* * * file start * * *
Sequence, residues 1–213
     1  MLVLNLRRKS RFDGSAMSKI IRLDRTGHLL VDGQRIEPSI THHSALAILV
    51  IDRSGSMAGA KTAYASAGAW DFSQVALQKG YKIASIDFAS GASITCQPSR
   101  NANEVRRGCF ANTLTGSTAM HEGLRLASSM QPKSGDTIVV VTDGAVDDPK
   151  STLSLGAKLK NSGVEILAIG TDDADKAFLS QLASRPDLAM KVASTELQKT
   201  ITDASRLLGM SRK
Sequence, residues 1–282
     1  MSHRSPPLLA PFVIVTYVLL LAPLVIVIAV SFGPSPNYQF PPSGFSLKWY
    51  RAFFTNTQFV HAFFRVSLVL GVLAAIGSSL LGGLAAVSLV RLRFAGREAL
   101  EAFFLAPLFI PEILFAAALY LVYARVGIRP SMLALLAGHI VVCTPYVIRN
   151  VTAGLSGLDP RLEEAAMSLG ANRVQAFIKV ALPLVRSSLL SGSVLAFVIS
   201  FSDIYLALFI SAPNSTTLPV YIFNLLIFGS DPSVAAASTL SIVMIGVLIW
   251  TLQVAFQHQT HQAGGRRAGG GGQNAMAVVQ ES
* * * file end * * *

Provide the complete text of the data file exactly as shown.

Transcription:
Sequence, residues 1–213
     1  MLVLNLRRKS RFDGSAMSKI IRLDRTGHLL VDGQRIEPSI THHSALAILV
    51  IDRSGSMAGA KTAYASAGAW DFSQVALQKG YKIASIDFAS GASITCQPSR
   101  NANEVRRGCF ANTLTGSTAM HEGLRLASSM QPKSGDTIVV VTDGAVDDPK
   151  STLSLGAKLK NSGVEILAIG TDDADKAFLS QLASRPDLAM KVASTELQKT
   201  ITDASRLLGM SRK
Sequence, residues 1–282
     1  MSHRSPPLLA PFVIVTYVLL LAPLVIVIAV SFGPSPNYQF PPSGFSLKWY
    51  RAFFTNTQFV HAFFRVSLVL GVLAAIGSSL LGGLAAVSLV RLRFAGREAL
   101  EAFFLAPLFI PEILFAAALY LVYARVGIRP SMLALLAGHI VVCTPYVIRN
   151  VTAGLSGLDP RLEEAAMSLG ANRVQAFIKV ALPLVRSSLL SGSVLAFVIS
   201  FSDIYLALFI SAPNSTTLPV YIFNLLIFGS DPSVAAASTL SIVMIGVLIW
   251  TLQVAFQHQT HQAGGRRAGG GGQNAMAVVQ ES